Israel: Town clerks should be appointed

Proposal is one of the issues that will go before voters at upcoming town meeting.

Mark Saloio is sworn in as police chief by Tisbury town clerk Hilary Conklin. Conklin opposes a plan to make her position appointed instead of elected. — George Brennan

Tisbury selectman Tristan Israel wants future town clerks to be appointed rather than elected.

At the April 9 town meeting — technically a special town meeting within that meeting — voters will be asked to appoint town clerks beginning in 2023. That would give the town and the elected town clerk time to plan, Israel told his colleagues during a discussion Friday of what’s on the town meeting warrants.

Israel emphasized several times that this is not about town clerk Hillary Conklin’s performance. “I’ve been talking about this for a long time,” he said. “This is no reflection on our current clerk’s office, which is operating well.”

Israel said he’s spoken to Conklin, and she doesn’t support the idea, which she confirmed in an email to The Times.

“The sponsor of the article, Tristan Israel, and I are close friends, and have had many conversations about this subject,” she wrote. “This is not a concept that I can support, as I don’t support any position being changed from elected to appointed. At this time in our country, relieving the voters of their rights and responsibilities is not the direction I see our town heading in. In rare cases a clerk has been elected who may not be suited for the position, and the remedy has been a recall election.”

Conklin shared a document that features 10 reasons why a clerk, who oversees town and other elections, should remain elected. The No. 1 reason on that list is to avoid cronyism. “They have a sensitive role in the administration of elections and town meetings that would be ill-served by being beholden to those who are seeking re-election,” the document states.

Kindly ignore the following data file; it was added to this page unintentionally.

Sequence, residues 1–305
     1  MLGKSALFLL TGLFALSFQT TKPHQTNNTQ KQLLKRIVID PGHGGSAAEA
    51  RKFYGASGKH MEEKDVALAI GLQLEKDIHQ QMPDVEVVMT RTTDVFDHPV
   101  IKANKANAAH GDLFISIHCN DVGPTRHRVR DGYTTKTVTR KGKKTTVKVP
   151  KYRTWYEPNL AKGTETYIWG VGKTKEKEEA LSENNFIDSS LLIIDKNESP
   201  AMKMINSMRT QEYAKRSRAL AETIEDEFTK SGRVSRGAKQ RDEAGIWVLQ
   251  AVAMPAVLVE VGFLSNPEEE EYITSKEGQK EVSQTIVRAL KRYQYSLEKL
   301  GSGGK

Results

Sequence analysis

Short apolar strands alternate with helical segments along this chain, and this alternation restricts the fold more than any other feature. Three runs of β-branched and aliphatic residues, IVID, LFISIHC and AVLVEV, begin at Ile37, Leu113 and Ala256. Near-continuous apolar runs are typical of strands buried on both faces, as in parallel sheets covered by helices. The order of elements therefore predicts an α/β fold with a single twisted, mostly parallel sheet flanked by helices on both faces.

Israel said a town with a budget of $28 million needs the assurance that the clerk is professional and capable of dealing with technology.

Edgartown has made the switch to an appointed clerk.

Selectman Melinda Loberg said the consequences of having someone who does the job incorrectly can be harmful to the town. She said the clerk’s job requires “a very specialized knowledge base.”

Loberg asked that the town explore whether Conklin could be “grandfathered into the position.”

At the rare Friday meeting, selectmen voted unanimously to close both the town meeting and special town meeting warrants. Voters will set the town’s budget, and decide whether to put as many as four ballot questions before voters for Proposition 2½ overrides to pay for improvements to the town’s wastewater system, DPW road and sidewalk projects, and two questions having to do with the future of the Tisbury School. Selectmen weren’t completely sold on the DPW spending plan for next year, which would take $600,000 from town reserves and ask voters to borrow $1 million. Prior to their ballot question discussion, they asked the DPW director to go through the projects currently underway and when they would be completed. They also asked if voters supported the full funding, whether the DPW could realistically get to all of the projects.

Tuesday night, at a continuation of their deliberation on the warrant, the board hashed out the funding article with DPW director Ray Tattersall, and opted to forego a Proposition 2½ override on paving and sidewalk work and keep the monetary request to $600,000. After debate with education leaders including the superintendent of schools, the school committee chairman, and the Tisbury School principal, the board maintained an $800,000 Proposition 2½ override in Article 9, which calls for the funds to facilitate “project manager services, architectural, design, engineering, cost estimating, bidding,” and other services relative to potential work on the Tisbury School. However, the selectmen voted to modify the article to include a provision for unspecified “extraordinary” emergency repairs based on an environmental report reviewed by the school committee but only presented to the board and town administrator Jay Grande at the meeting. The day following the meeting, Grande said he had yet to read the report, and that an article modification for such an unspecified figure was very rare. He further said he believed the modification would be subject to review by town counsel. As part of the overall warrant approval, the board also voted to approve $650,000 for wastewater improvements and $297,646 for Tisbury’s portion of a feasibility study and schematic design for a high school rebuild or renovation.